Viruses down in May

By | June 1, 2006

SoftScan has announced that just 0.37% of emails scanned during May were harbouring viruses; the lowest number SoftScan has ever recorded. However, SoftScan warns that this only demonstrates a change in tactics, not that viruses are on their way out, and that users must still be on their guard. Spam accounted for 85.22% of all email scanned in May.

This time last year the percentage of emails stopped as viruses was ten times greater. In May 2004 the level was at 9%. In just two years there has been a significant drop in viruses, which may lead to users becoming complacent about email security. However, the threat to individuals and organisations still remains and the consequences of becoming infected can still be just as devastating.

“Virus writers haven´t gone away, they´ve just changed tactics. It´s no longer about the glory of being infamous, it´s about stealing data for financial gain and to do that successfully requires stealth,” comments Bo Engelbrechtsen, corporate communications manager of SoftScan.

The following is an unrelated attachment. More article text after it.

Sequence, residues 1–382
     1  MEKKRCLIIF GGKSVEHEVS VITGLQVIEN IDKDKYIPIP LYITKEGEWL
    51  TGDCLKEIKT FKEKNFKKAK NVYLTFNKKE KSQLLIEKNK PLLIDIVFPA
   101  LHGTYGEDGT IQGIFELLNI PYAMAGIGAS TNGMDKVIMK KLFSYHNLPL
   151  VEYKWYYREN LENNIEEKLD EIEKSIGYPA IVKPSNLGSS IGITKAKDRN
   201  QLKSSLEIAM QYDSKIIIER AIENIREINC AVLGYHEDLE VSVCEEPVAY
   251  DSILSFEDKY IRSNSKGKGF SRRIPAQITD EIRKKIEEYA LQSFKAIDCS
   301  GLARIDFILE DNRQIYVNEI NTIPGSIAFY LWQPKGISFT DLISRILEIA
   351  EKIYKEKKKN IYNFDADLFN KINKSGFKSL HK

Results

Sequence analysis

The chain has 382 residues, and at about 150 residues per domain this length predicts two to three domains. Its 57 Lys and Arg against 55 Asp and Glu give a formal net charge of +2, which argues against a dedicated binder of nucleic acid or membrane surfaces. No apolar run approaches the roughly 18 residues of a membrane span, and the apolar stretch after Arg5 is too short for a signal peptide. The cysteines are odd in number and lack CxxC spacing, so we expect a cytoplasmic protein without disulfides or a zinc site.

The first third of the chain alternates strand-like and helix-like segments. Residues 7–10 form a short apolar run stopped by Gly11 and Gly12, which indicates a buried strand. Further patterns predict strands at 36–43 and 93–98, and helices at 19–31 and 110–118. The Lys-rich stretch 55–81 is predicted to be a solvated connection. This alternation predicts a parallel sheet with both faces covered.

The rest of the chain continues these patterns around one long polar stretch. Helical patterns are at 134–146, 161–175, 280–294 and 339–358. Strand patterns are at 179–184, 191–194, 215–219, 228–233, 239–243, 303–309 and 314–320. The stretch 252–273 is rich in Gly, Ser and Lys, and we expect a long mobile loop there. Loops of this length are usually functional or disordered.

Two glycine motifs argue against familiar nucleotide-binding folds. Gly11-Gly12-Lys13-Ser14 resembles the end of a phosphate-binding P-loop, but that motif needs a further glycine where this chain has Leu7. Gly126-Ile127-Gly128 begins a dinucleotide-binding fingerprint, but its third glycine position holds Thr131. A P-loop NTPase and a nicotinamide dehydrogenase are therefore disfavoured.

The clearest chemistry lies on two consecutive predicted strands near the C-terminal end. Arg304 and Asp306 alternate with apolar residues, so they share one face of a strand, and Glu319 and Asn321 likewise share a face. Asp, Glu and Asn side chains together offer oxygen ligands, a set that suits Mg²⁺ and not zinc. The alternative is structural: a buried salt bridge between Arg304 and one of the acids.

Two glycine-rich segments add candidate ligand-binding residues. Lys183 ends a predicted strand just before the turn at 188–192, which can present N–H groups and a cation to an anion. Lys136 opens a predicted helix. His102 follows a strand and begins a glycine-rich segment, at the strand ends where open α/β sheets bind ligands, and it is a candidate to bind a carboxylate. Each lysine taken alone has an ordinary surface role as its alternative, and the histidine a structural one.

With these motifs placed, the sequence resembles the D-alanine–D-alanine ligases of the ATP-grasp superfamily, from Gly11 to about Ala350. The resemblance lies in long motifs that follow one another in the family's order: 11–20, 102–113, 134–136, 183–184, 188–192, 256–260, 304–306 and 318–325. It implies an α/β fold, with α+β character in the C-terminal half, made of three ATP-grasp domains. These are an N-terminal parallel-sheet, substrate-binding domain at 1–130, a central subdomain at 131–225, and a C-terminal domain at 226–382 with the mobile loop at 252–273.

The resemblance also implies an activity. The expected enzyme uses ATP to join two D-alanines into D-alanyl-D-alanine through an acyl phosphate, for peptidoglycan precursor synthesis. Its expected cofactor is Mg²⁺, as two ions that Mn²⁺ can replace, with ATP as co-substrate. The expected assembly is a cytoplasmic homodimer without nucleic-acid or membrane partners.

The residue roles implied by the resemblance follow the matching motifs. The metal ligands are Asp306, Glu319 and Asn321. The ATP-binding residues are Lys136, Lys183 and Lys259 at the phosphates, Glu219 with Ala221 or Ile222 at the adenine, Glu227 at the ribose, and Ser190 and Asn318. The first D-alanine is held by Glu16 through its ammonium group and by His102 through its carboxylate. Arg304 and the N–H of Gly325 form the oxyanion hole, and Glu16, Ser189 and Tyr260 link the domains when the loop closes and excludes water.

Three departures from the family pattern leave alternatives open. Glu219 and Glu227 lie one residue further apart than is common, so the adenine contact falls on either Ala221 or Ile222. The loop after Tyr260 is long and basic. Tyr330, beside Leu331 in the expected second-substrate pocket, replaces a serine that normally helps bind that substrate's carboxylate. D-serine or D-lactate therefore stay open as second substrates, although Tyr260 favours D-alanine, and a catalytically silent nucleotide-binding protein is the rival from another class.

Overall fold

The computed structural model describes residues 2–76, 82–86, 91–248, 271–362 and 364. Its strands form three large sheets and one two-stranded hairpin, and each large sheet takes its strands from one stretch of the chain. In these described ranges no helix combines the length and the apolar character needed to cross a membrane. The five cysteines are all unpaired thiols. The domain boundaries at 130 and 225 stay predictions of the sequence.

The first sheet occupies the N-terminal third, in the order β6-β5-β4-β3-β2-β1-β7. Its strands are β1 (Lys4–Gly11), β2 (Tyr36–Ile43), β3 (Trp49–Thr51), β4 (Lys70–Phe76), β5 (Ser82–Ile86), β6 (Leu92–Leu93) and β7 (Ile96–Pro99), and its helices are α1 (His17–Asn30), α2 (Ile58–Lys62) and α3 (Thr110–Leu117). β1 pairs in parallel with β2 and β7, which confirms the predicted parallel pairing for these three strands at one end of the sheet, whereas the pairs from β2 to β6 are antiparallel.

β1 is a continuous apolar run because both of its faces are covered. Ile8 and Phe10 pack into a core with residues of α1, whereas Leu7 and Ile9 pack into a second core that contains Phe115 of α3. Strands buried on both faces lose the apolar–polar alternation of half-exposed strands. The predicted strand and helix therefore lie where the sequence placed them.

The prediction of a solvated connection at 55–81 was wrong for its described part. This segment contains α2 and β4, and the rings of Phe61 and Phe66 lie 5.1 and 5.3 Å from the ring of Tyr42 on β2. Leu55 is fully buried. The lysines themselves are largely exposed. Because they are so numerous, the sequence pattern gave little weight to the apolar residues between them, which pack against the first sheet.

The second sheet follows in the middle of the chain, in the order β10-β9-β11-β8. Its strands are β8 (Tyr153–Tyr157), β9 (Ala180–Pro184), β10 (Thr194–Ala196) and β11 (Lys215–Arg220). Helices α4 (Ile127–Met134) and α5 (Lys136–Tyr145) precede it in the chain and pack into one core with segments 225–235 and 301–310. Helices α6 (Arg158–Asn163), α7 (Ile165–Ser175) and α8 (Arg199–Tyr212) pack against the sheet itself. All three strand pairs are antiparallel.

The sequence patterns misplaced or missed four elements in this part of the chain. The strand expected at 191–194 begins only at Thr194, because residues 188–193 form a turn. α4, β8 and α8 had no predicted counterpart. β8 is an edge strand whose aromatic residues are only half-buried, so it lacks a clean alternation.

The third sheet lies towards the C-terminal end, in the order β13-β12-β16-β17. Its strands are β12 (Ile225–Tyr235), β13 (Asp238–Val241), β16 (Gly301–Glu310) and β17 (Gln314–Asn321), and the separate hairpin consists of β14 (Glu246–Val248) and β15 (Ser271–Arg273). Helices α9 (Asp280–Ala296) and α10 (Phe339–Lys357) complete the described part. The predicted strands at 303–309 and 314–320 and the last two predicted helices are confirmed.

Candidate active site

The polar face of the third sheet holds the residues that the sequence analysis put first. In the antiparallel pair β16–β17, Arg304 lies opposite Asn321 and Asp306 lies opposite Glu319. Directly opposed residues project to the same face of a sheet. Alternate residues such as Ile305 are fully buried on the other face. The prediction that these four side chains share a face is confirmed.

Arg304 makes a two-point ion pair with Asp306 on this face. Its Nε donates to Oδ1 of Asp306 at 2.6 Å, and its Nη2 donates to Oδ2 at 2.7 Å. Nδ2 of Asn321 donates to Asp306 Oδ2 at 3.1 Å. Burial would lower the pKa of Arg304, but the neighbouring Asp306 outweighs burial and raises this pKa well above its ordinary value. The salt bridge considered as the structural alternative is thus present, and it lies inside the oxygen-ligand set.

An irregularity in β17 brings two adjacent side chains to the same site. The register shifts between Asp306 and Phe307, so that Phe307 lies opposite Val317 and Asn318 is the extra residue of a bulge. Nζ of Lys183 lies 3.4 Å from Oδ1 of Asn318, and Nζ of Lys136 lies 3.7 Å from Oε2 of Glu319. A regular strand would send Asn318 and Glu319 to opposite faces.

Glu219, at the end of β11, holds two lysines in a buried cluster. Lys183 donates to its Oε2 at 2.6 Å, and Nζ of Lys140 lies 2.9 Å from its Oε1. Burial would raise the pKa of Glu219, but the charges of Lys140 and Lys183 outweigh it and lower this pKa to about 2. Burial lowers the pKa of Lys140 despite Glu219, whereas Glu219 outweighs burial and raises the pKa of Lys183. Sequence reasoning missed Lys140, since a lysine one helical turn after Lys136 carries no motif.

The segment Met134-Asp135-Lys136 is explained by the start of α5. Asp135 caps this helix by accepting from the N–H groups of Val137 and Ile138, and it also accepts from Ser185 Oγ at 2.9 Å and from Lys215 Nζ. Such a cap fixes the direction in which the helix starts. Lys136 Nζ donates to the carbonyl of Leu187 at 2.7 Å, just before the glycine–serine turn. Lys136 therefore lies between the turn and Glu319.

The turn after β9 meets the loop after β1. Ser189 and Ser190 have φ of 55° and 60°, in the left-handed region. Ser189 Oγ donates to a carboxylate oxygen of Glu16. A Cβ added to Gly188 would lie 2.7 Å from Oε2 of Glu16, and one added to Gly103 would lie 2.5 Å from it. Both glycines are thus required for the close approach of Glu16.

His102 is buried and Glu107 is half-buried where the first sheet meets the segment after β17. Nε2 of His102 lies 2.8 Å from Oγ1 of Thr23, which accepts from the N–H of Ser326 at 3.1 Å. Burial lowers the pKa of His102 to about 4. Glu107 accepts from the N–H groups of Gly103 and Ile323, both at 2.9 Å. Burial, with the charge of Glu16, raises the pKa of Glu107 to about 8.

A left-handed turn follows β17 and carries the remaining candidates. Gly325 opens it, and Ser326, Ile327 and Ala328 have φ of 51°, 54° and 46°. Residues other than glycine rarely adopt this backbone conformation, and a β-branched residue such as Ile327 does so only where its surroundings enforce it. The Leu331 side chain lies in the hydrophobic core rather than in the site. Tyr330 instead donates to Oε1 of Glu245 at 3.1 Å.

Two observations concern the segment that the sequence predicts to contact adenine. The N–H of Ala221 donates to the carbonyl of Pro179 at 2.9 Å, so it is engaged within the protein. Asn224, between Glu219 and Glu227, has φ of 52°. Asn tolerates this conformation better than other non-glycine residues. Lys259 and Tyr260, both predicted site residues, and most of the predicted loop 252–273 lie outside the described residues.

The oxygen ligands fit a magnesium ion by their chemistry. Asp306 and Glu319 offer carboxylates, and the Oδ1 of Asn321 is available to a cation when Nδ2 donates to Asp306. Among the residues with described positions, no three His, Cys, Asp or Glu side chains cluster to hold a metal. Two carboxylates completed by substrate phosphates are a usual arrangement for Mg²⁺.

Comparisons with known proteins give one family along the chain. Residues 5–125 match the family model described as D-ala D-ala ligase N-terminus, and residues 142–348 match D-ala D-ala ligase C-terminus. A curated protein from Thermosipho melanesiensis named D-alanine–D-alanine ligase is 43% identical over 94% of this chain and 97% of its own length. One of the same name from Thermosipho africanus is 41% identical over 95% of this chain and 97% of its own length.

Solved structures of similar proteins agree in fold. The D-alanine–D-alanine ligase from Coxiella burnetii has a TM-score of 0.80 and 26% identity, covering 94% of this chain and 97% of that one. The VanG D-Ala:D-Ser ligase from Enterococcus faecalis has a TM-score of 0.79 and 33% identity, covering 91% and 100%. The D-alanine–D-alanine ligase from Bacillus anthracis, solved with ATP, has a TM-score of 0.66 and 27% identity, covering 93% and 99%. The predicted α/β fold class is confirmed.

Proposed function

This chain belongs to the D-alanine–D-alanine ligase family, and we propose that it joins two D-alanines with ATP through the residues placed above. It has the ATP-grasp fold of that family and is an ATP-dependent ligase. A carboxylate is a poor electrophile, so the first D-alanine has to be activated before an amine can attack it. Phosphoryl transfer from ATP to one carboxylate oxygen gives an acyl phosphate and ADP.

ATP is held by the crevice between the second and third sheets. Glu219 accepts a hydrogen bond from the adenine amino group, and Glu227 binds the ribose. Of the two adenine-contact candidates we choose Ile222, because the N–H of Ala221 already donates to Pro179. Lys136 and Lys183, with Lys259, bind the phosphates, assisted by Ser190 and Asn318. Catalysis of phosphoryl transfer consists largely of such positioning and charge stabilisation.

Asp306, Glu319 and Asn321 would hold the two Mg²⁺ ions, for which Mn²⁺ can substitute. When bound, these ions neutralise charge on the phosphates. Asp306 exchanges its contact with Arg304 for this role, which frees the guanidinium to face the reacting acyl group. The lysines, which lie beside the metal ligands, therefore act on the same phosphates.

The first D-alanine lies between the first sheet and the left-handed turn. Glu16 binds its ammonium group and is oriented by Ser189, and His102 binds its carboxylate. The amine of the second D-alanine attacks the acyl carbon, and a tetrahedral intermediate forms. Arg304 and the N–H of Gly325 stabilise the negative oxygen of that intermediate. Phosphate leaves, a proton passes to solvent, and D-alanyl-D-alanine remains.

“A scatter gun approach to spreading viruses is no longer a viable method for most criminals – the virus becomes known to anti-virus vendors too quickly. This results in either not enough time to process the illegally gathered data before the user discovers a problem or that too many zombie machines are cleaned before they can be sold to spammers. A softly, softly approach is reaping virus writers far better rewards,” he continues.

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